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The promise of voice control

Today consumers are increasingly comfortable using voice commands to control some devices. The next phase of development is bringing control to a multiplicity of devices

Almost 50 years ago, Stanley Kubrick showed us a vision of a unified voice controlled environment in his movie 2001:A Space Odyssey. The reality took a while to arrive, and at first provided a less than convincing practical experience, as anyone who has ever tried booking cinema tickets or getting through a customer response system by phone will attest.

The reality is that the ability for a machine to understand natural speech in real time takes a lot of computing power, and the first practical propositions used the cloud to deliver the necessary processing. Apple’s Siri led the way, and others are now following.

Today consumers are increasingly comfortable using voice commands to control some devices. The next phase of development will inevitably be in bringing control to a multiplicity of devices.

Think of the typical coffee table for a moment. On it you would be likely to find separate – and bulky – remote controls for the television, set-top box, DVD player, games console and OTT box. Although we probably do it intuitively, getting the right source on the screen and speakers generally involves a sequence of commands on different controllers. And that is before we consider what it is we might want to watch – and that’s only for our entertainment system. One of the benefits of the internet of things (IoT), we are told, is that we will be able to control remotely other devices around the home, like lights, heating and security. Does this mean more controllers, or at least a succession of apps on a phone?

The logical goal is a single controller which manages everything. Using traditional technology that would mean a very large box with an extremely large number of buttons. Which brings us back to voice control: the ideal way of controlling a broad swathe around the home is by telling the device what to do.

If this meant learning a specific set of instructions for each piece of functionality then it would be as ineffective as the big box of buttons in terms of user experience. We have to implement natural language instructions, letting the device implement the details.

So rather than turning on the television, then the set-top box, then remembering that BBC1 HD is channel 115, we should simply tell the remote control “I want to watch BBC1.”

More likely, though, we will be less specific. We might come home and say “I want to watch a Steven Spielberg movie.” The controller will do the heavy lifting of seeing what is available on movie channels, on your PVR and on Netflix, and will present the results on screen for you to tell the controller which you choose.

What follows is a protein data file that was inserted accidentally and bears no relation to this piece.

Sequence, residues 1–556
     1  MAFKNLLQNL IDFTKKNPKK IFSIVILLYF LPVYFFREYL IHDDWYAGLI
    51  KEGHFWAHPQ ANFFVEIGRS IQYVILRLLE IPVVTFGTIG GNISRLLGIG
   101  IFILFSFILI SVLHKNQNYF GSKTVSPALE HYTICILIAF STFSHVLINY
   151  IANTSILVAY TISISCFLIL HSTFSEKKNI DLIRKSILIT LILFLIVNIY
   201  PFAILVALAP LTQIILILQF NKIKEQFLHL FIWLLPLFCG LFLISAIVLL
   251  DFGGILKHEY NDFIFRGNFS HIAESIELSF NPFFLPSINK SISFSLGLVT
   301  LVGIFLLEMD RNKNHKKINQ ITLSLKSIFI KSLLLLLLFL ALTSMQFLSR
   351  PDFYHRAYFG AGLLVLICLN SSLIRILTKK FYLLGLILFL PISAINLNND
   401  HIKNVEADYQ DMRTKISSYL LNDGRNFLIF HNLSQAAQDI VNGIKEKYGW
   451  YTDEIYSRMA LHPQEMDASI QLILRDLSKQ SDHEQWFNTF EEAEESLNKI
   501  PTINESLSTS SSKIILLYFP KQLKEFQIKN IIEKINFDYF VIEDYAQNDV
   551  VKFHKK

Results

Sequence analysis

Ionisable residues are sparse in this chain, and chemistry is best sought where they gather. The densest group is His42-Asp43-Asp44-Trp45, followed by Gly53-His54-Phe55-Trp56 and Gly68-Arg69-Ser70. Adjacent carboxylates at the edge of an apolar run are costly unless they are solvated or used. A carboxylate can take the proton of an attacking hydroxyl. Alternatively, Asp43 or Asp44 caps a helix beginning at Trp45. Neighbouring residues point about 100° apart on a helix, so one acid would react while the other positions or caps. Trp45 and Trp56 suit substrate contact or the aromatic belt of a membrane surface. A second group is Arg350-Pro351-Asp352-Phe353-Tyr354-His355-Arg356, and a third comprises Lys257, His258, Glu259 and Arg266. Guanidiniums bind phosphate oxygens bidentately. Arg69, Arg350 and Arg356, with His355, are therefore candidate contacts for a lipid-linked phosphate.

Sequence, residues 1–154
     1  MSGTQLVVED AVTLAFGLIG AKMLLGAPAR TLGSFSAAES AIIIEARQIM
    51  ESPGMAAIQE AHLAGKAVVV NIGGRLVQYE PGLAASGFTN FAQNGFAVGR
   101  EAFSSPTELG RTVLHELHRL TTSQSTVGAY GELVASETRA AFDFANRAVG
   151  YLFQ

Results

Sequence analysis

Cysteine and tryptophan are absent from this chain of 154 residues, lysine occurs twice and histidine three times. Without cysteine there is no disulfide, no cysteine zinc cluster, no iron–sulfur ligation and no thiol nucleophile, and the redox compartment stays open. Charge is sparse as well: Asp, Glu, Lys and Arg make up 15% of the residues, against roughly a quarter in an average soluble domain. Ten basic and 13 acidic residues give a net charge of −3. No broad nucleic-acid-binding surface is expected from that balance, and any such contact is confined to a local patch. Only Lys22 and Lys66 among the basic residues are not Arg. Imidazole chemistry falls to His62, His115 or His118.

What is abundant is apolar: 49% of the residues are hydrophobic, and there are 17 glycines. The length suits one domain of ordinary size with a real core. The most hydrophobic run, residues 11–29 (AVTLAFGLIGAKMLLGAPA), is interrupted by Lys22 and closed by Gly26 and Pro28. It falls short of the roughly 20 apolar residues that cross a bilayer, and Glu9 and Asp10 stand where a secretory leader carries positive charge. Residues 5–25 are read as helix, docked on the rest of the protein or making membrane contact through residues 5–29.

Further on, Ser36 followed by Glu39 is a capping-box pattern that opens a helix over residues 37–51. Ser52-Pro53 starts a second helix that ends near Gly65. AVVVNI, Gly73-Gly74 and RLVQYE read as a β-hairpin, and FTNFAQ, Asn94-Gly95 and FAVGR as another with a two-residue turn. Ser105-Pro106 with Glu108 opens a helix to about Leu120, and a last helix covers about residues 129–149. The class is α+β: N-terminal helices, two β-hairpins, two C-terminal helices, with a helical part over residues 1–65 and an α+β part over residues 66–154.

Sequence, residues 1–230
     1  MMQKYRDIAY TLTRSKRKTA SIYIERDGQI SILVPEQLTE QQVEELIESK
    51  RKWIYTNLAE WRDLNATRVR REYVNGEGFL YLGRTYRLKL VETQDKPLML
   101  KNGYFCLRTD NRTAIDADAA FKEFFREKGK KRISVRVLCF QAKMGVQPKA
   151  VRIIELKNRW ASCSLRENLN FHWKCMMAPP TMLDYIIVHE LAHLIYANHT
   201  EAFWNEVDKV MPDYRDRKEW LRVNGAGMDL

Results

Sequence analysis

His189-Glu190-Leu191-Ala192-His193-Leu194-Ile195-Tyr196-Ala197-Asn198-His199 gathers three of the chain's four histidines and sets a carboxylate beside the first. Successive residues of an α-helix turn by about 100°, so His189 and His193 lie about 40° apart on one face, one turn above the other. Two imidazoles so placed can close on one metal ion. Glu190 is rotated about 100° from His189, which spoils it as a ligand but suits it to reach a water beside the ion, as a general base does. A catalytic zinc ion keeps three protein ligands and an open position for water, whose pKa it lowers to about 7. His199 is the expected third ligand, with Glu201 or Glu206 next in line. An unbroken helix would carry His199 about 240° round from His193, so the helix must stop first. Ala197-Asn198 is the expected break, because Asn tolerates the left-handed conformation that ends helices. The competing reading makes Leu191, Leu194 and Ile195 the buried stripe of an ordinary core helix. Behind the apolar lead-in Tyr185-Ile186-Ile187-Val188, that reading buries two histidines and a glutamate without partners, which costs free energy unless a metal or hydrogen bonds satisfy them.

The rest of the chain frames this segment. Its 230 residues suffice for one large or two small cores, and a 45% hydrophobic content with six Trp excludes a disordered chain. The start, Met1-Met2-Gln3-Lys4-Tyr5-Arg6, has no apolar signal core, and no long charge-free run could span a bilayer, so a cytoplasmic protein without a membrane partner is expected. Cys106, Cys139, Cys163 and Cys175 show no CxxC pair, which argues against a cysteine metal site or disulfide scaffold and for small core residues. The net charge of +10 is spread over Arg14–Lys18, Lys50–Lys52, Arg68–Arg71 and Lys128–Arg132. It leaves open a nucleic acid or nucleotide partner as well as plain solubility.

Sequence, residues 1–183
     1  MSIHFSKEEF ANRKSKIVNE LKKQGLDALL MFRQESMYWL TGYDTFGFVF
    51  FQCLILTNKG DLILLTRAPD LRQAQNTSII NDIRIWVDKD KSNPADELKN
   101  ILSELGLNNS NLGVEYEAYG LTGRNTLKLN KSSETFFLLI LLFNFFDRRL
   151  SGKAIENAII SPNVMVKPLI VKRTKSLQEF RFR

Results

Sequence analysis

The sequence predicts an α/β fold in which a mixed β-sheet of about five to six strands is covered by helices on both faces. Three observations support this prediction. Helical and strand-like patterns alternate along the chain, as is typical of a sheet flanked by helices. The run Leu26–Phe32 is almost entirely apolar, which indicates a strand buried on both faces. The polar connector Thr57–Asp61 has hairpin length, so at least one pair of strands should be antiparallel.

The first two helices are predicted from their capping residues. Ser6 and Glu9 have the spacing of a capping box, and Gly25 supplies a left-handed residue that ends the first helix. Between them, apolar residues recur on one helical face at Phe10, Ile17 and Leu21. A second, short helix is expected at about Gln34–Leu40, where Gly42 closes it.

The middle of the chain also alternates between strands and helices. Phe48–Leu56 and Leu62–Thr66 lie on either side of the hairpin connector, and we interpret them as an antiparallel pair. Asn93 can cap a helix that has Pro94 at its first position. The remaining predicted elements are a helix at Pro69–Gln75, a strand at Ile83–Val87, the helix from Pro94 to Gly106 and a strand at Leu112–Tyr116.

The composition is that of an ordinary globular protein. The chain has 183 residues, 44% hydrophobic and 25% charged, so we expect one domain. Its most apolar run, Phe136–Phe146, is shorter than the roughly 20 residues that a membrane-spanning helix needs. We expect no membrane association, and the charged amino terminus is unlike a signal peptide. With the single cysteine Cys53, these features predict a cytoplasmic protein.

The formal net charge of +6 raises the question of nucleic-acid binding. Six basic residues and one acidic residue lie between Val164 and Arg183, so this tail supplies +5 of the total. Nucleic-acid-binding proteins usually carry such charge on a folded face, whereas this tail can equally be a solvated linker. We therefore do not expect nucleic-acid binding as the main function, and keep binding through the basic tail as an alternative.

The next phase would be to say “play the movie”, which as well as starting the content would also close the curtains, turn off the main lights and turn on the standard lamp. At the end, you might say “good night”, which will be the cue for the system to shut down the various entertainment boxes, but also switch the thermostat to the night setting and turn off the lights, giving you time to move to the bedroom.

It is important to understand that this is a two-part system. The remote control itself has to remain small, compact and practical, even if the intention is that most users will do little other than talk to it. The remote talks to a device which interprets the instructions and routes them to the device or IoT service which will implement them.

We specialise in RF connectivity between the remote and the device. This is necessary, because the speech commands are digitised in the remote control and transferred to the host device which does the voice processing. Obviously the ergonomics of the remote control have to be designed around good acoustic performance: there is no need to overload the processing with sound that has poor frequency response or is over-reverberant.

The remote itself will probably sit on the coffee table most of the time, rather than being picked up by the user. The processing, therefore, has to be able to discriminate between voices, particularly as the living room television is generally a social experience. You may need to train the system on which voices to listen to.

Applying voice biometrics can provide the ability to offer different functionality to different users. Children, for example, can be presented with just the content that is suitable for them. A smart system could even be programmed to limit the hours children can watch television or play games.

This technology is available today. We have already delivered more than 250 million multi-function, voice controlled remotes. The next phase is down to broadcasters or service providers seeing this as a commercial edge to attract and retain subscribers.

By Menno Koopmans, senior VP subscription broadcasting, Universal Electronics